US credit unions highlight advocacy priorities for 2021

Nafcu says it will continue to work with lawmakers to ensure they are 'fully aware of the legislative and regulatory needs of credit unions'

With a new Congress sworn in on 3 January, US credit unions have revealed their advocacy agenda for the year ahead.

On 4 January the National Association of Federally-Insured Credit Unions (Nafcu) published its list of priorities. It said it would continue its work raising awareness among Congress members of the legislative and regulatory needs of the sector.

Nafcu’s priorities include campaigning for legislation and regulation that would support credit unions as they grow their membership, loans and retained earnings.

The apex also promises to fight back against attacks from some banks, which in recent years have been calling for an end to tax exceptions for credit unions. Furthermore, Nafcu says it will campaign for regulatory standards for fintech and other non-depository institutions, and for the streamlining of regulation that allows credit unions to put more resources into serving members.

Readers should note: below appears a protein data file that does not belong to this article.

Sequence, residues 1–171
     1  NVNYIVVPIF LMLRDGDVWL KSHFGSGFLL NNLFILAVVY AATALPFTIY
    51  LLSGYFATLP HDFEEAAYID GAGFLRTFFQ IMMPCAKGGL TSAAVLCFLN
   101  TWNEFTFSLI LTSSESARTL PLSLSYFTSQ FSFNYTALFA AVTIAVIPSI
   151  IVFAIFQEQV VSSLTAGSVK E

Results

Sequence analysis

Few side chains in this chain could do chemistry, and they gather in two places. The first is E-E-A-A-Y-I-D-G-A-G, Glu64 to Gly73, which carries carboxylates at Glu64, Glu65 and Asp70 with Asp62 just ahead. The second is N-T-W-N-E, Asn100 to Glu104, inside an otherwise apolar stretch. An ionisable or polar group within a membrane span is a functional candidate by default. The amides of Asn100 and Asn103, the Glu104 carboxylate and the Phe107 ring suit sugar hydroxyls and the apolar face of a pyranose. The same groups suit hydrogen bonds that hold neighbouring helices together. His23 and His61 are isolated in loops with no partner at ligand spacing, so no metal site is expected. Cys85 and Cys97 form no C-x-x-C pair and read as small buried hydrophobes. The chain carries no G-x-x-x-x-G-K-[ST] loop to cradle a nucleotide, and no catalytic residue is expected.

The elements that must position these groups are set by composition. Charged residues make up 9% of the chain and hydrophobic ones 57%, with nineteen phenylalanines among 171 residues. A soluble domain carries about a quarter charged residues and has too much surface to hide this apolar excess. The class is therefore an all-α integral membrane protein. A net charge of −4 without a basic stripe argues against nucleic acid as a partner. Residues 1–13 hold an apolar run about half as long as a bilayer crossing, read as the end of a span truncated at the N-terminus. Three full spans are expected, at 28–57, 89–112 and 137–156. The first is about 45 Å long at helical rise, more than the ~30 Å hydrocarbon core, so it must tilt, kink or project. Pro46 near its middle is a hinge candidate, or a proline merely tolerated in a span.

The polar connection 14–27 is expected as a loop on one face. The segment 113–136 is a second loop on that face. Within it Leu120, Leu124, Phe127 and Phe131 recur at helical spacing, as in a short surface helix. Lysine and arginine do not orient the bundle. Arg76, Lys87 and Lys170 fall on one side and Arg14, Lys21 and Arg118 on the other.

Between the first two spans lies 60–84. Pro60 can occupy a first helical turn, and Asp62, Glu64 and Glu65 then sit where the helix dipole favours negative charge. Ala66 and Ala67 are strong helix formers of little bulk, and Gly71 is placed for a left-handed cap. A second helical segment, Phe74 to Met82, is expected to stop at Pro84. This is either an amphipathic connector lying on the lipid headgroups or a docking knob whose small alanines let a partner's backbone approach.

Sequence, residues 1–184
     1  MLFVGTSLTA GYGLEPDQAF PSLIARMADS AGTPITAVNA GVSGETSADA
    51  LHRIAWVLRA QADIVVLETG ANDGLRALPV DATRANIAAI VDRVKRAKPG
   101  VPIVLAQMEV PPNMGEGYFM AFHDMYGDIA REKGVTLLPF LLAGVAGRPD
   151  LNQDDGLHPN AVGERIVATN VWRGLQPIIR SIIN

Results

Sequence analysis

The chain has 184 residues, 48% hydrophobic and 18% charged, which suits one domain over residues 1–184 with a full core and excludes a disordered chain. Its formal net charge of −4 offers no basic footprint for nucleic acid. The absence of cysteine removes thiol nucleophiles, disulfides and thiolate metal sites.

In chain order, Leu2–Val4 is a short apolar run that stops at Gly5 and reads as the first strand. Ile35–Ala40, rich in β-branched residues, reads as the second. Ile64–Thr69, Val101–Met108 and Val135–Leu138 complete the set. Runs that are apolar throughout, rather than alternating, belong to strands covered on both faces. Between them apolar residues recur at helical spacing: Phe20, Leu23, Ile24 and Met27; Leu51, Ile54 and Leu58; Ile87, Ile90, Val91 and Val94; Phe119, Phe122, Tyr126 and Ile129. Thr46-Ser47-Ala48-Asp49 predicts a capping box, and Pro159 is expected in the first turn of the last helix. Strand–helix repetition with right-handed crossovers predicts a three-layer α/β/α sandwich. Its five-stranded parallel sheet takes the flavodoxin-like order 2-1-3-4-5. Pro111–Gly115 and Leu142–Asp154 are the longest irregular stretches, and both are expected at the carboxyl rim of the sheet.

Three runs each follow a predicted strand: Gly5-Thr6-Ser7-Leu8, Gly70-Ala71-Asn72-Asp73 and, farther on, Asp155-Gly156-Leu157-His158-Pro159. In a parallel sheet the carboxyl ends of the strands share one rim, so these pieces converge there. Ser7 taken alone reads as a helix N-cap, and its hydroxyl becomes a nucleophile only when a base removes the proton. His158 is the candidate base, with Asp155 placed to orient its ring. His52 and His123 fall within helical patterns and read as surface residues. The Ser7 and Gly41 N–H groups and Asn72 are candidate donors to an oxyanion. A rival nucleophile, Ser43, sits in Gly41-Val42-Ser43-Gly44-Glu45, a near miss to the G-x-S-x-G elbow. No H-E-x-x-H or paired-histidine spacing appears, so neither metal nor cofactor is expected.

Nafcu added that it will continue to foster good relations with the National Credit Union Administration (NCUA), the sector’s regulator, and encourage federal standards for data privacy and data security that recognise existing regulatory requirements for credit unions. 

Nafcu president and CEO Dan Berger said: “Credit unions have worked tirelessly to help Americans overcome adversity and hardship amid the coronavirus pandemic. For both new and returning members of Congress, it is vital they understand the good work not-for-profit credit unions have done and will continue to do to lift American families and communities up during these uncertain times.
 
“We look forward to working with lawmakers on Capitol Hill as well as the Biden Administration to make sure credit unions have a strong seat at the table, and that they are empowered to help our nation and our economy fully recover. It is our mission to deliver this message to policymakers in 2021 and beyond.”

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